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From <>
Subject Re: socket_read?
Date Tue, 20 Feb 2001 06:42:55 GMT

> > > Actually, it would help my understanding if someone would define in a
> > > protocol neutral way precisely what EOS means.
> >
> > I'll do my best, but my words are probably wrong.  Filters are run at
> > specific times when processing.  An EOS means that there will be NO MORE
> > data down that filter stack, EVER.  There could be more than one filter
> > stack per request, but the filter stack is only valid until in receives an
> > EOS bucket.
> These words work perfectly for me. It does leave open a deeper question
> about the creation/recreation of filter stacks, but I can live with that
> being open for now.

May as well explore this now rather than later.  :-)  Could you try to
phrase the question so that we can all discuss it.  I don't want to try to
figure out what you are thinking, and get it wrong.

> Thanks.
> The only problem I'm left with now is that I can't see how HTTP_IN (or a
> lower filter?) is going to work out that it needs to insert EOS. Further
> to that, if it can work it out from other stuff, why can't all filters
> work it out and avoid the need for EOS altogether? My current theory is
> that you see that the brigade is empty. You ask for the next brigade.
> You discover _that_ is empty, too, and at that point, you're done (and
> can insert an EOS - or start returning empty brigades). The only problem
> is, I can't see how this works in NONBLOCK - the next brigade _should_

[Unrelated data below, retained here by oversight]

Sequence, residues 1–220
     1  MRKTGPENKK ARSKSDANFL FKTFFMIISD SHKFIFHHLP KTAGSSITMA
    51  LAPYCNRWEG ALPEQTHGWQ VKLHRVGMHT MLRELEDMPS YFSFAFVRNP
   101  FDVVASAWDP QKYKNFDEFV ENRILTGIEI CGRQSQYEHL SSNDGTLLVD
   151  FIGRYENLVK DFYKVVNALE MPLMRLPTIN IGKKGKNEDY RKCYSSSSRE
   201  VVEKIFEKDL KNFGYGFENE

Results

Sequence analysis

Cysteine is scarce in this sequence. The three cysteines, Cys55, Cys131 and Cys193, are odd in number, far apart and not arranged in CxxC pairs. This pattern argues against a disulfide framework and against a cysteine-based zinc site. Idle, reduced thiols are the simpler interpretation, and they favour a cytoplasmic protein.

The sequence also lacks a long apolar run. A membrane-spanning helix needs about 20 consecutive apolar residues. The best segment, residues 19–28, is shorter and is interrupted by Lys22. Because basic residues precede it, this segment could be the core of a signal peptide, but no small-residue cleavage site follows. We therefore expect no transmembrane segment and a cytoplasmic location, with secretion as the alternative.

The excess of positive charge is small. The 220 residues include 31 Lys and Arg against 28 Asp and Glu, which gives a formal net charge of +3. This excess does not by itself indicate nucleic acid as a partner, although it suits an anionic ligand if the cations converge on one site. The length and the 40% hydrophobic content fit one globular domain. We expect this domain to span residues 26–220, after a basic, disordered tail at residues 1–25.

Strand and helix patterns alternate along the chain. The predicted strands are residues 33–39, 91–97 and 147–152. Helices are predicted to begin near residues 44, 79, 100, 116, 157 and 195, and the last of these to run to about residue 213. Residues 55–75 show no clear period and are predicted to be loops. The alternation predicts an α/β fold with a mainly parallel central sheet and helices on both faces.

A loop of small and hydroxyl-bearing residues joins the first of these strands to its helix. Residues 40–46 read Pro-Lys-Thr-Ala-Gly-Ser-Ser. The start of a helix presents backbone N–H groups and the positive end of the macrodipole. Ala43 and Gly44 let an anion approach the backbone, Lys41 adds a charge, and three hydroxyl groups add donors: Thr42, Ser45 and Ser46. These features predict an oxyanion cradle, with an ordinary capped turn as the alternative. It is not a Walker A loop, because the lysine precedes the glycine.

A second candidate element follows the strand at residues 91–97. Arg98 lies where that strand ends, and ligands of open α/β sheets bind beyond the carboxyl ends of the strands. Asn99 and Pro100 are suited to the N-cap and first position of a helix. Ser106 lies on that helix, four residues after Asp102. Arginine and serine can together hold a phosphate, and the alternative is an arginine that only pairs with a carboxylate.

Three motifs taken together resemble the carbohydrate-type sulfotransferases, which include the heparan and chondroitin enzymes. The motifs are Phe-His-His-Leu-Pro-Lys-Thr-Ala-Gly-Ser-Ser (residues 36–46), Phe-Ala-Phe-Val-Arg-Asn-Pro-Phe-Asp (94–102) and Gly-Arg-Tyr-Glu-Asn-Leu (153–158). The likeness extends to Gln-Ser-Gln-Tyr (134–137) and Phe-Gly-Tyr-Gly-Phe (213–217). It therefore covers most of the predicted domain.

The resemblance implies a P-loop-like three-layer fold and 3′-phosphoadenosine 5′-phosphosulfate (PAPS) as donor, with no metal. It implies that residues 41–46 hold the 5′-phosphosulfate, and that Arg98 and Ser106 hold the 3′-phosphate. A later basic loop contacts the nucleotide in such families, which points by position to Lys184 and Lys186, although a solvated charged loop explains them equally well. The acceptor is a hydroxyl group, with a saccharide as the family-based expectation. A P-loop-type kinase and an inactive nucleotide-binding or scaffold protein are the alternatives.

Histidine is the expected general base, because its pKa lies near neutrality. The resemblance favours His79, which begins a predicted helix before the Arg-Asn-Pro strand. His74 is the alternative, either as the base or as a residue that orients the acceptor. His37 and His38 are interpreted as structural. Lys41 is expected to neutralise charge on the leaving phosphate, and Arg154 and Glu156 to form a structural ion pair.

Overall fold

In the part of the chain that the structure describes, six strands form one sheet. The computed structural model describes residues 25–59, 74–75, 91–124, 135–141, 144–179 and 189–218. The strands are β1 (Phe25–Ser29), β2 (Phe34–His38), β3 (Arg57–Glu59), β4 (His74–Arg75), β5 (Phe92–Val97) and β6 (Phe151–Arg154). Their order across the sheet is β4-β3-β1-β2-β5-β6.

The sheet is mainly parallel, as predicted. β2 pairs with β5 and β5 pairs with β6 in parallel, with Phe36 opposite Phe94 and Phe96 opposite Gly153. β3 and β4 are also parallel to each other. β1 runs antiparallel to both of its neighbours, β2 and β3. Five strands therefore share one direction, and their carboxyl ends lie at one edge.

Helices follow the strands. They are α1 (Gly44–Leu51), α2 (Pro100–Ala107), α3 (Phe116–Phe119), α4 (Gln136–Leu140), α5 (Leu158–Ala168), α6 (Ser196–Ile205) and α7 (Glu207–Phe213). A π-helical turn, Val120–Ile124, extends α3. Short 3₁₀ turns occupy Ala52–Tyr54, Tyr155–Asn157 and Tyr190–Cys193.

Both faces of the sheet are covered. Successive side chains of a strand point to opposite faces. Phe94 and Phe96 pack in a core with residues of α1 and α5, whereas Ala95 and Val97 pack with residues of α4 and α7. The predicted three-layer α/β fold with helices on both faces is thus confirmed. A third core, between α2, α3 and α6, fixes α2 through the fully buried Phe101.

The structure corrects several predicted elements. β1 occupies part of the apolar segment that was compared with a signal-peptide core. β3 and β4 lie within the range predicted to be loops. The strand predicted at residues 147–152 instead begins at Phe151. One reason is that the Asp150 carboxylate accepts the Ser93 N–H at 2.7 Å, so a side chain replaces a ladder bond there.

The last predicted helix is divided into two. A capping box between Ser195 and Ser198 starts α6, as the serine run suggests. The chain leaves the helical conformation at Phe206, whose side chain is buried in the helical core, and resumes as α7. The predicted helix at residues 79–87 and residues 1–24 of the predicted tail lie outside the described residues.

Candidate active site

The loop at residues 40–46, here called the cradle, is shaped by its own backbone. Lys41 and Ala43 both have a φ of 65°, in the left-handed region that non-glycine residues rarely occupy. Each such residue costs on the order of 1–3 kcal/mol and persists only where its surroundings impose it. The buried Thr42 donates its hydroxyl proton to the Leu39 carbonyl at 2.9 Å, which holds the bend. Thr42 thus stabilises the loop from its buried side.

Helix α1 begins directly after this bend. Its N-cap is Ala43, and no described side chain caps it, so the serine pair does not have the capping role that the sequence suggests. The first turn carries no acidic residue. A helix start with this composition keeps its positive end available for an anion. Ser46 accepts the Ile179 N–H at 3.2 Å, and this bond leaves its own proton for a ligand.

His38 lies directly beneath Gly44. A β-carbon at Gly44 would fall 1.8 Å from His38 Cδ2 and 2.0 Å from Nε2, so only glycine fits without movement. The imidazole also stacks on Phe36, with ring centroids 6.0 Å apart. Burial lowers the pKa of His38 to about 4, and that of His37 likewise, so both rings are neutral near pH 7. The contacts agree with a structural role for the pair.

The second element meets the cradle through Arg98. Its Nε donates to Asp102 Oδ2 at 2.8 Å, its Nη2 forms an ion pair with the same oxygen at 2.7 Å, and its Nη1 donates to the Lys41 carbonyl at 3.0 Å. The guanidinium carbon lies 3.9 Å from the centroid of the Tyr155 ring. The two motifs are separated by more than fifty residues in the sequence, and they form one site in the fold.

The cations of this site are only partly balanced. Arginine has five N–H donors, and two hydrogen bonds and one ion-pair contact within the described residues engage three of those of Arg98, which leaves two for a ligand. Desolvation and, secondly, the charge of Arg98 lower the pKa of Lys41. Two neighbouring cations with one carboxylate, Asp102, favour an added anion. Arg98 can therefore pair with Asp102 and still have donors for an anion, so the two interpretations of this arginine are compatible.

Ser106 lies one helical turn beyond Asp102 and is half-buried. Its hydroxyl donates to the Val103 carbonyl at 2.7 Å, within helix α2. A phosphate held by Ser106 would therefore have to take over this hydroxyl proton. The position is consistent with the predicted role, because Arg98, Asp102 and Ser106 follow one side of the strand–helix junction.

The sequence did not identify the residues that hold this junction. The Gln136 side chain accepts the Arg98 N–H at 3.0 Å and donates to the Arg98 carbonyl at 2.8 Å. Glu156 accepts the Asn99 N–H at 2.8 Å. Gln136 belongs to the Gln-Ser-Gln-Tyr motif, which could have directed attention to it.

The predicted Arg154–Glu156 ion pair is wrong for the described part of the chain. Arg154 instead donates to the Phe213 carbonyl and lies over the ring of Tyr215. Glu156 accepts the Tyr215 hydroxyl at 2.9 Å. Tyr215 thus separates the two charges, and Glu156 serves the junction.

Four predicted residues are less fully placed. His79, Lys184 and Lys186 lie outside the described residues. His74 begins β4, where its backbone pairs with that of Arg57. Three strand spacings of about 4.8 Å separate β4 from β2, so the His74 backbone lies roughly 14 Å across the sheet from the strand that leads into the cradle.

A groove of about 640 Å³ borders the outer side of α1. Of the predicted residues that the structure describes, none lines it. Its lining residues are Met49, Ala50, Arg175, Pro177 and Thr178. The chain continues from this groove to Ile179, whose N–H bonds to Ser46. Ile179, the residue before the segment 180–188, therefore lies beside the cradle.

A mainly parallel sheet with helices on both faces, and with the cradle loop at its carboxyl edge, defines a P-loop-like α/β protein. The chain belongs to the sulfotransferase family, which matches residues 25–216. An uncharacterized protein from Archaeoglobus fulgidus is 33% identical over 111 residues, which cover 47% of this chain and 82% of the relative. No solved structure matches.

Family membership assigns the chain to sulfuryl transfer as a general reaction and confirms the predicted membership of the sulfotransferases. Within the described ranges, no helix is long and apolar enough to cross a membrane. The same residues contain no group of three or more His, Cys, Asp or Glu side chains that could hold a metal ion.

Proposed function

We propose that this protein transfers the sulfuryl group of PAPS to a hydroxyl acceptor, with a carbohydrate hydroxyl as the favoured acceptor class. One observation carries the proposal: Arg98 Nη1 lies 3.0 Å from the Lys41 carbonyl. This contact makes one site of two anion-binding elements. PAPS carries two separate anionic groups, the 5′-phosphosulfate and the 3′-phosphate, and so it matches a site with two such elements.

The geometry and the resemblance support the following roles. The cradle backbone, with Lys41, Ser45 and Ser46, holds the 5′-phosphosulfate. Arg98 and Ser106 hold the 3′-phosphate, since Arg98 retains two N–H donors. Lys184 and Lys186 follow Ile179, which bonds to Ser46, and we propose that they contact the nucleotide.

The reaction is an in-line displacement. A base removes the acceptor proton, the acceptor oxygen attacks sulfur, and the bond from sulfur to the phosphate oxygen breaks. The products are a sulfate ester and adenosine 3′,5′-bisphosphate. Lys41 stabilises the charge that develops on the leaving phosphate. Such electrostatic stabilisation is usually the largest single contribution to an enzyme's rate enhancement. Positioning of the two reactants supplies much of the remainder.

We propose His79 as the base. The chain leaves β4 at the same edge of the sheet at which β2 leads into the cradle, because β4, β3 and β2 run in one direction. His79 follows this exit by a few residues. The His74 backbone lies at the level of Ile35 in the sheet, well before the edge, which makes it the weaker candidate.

> be empty (oooh, or perhaps not, it should contain (at least) a
> zero-length bucket - that makes some sort of sense).

HTTP_IN knows about the HTTP protocol, no other filter does.  That is why
it can determine when an EOS is appropriate, and when one isn't.  Any
other filter shouldn't have to worry about the actual protocol that is
being used.

When we designed HTTP_IN, we had to deal with the fact that there is
nothing to signify when the data in a request went from being a request
body to being the beginning of the next request (i.e. headers).  The
HTTP_IN filter takes knowledge from the conn_rec to determine this.

The problem with using multiple fetches of empty brigades, is that we
could be on a very slow link, where we are trickling data, but we don't
know that.  The EOS on input filters is probably not as clean as it is on
output filters.  The general idea is that the only filter/generator that
really knows when the data is done, is the filter/generator that is
actually creating the data.  The EOS buckets keep other filters from
needing to think about what they are doing, because the one filter that
really understands the protocol/data tells the filter when all the data
has been sent.  This also keeps us from having to go through the stack
multiple times.  Take the case of CGI scripts, with CGI scripts, we create
a simple brigade, one pipe bucket and one EOS.  We go down the stack once,
and never think about that request again.


Ryan Bloom               
406 29th St.
San Francisco, CA 94131

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